Padilla, Feinstein to Forest Service: Expand Night Firefighting Air Unit to Northern California
WASHINGTON, D.C. — U.S. Senators Alex Padilla and Dianne Feinstein (both D-Calif.) today called on the Forest Service to establish a night firefighting air unit in Northern California.
Seven of the 10 largest wildfires in California history were in Northern California. Five of those wildfires occurred in the last five years. Senator Feinstein helped the Forest Service in 2012 establish a similar unit in Southern California.
“Aircraft serve many critical roles for firefighting agencies, from dropping water and fire retardant to deploying personnel in remote areas,” the senators wrote in a letter to Forest Service Chief Randy Moore. “A night flying unit has been in place in Southern California for more than 10 years, and it has an excellent record of safety and firefighting effectiveness. Establishing a similar program in [Northern California] would help firefighting in some of California’s most vulnerable forests.”
Full text of the letter is available here and below:
Dear Chief Moore,
We write to ask that you establish a night flying aerial firefighting program in the Northern California Geographic Area Coordination Center (NorthOps). Aircraft serve many critical roles for firefighting agencies, from dropping water and fire retardant to deploying personnel in remote areas. A night flying unit has been in place in Southern California for more than 10 years, and it has an excellent record of safety and firefighting effectiveness. Establishing a similar program in NorthOps would help firefighting in some of California’s most vulnerable forests.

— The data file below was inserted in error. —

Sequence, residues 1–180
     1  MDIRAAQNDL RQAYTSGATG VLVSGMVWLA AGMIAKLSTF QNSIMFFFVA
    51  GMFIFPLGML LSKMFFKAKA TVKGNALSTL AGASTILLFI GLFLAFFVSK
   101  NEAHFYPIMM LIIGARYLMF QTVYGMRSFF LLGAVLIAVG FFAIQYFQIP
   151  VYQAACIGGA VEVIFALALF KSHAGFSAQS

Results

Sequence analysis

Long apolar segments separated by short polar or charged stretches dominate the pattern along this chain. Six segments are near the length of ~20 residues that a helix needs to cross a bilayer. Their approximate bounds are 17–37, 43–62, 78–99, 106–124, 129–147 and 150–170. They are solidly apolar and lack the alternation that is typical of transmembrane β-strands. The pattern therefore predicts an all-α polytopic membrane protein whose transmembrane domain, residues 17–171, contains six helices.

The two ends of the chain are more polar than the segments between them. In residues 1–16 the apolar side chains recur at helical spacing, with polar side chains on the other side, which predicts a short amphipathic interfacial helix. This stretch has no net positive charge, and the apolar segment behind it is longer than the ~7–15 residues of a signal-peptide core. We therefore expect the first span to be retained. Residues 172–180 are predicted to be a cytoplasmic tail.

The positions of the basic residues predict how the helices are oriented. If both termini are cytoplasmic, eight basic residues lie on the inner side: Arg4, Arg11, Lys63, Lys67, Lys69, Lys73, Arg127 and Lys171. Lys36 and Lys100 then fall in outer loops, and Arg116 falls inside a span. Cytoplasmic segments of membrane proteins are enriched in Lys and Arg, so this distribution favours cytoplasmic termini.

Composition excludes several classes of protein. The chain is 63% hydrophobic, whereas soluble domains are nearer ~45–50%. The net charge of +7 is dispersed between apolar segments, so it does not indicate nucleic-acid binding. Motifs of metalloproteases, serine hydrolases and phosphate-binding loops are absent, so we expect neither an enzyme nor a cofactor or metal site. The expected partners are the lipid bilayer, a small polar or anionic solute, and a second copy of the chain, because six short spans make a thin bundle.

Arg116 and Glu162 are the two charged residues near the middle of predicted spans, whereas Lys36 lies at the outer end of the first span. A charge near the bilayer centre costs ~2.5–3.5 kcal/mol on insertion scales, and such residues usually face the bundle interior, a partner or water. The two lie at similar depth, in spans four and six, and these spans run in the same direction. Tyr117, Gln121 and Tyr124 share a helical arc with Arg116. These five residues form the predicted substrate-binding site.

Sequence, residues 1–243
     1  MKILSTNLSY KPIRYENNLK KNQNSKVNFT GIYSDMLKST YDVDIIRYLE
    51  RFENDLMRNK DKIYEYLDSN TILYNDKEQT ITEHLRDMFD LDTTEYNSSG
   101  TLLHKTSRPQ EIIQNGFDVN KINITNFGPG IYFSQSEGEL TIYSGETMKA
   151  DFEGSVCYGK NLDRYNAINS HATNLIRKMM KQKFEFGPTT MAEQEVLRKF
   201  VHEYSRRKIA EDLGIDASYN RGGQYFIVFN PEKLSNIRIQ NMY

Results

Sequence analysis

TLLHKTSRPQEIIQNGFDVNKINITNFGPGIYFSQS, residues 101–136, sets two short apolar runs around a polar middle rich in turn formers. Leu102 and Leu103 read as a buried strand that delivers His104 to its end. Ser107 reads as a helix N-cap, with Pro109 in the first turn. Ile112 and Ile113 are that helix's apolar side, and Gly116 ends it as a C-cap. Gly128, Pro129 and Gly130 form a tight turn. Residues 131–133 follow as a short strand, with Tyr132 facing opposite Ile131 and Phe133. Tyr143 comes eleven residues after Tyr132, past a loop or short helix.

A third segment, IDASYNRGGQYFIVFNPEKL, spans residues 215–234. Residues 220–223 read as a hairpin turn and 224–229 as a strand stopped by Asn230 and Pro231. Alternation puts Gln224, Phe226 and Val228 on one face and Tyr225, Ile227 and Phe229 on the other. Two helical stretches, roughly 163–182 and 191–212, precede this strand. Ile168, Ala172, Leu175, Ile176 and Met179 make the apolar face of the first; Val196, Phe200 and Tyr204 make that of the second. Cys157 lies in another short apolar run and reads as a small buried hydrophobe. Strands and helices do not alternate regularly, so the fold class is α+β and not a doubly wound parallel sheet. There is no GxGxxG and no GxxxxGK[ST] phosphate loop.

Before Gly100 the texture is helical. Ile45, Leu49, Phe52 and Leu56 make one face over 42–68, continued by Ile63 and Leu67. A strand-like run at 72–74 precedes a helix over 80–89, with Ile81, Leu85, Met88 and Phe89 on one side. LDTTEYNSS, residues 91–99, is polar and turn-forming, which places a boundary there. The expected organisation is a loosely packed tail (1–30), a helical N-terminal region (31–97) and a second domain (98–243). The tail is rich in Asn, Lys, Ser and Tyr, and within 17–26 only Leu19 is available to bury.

Of the 10 largest wildfires in California history, seven were in the NorthOps jurisdiction, and five of those occurred in the last five years. The Mosquito Fire, California’s largest fire of 2022, burned more than 76,000 acres in a critical watershed and destroyed 44 homes in Placer and El Dorado Counties. Unfortunately, that fire ignited in the evening, but if night flying resources were available, they may have been able to prevent this fire from growing out of control.
Although the night flying team in Southern California can service some NorthOps areas, they are unable to operate in the most northerly parts of the state. The Wildland Fire Mitigation and Management Commission (Commission) recently released its Aerial Equipment Strategy Report, which suggested that federal agencies should revisit the existing “Total Mobility” strategy for resource deployments and consider additional local resources. Establishing a NorthOps-based night flying team would improve firefighting response in Northern California and test the Commission’s recommendation.
We and the Commission both recognize that standing up additional night flying units will require more federal resources. In fact, Congress has already acted on some of the Commission’s recommendations by removing the cap on excess aircraft that may be transferred from the Department of Defense to land management agencies and states in last year’s National Defense Authorization Act. We stand ready to support the U.S. Forest Service as additional needs are identified.
Climate change has made California’s wildfires bigger, hotter, and more deadly. Expanding the proven U.S. Forest Service night flying aviation unit into NorthOps would greatly aid the state’s efforts to prevent wildfires from growing into catastrophic threats. Thank you for your consideration of this request.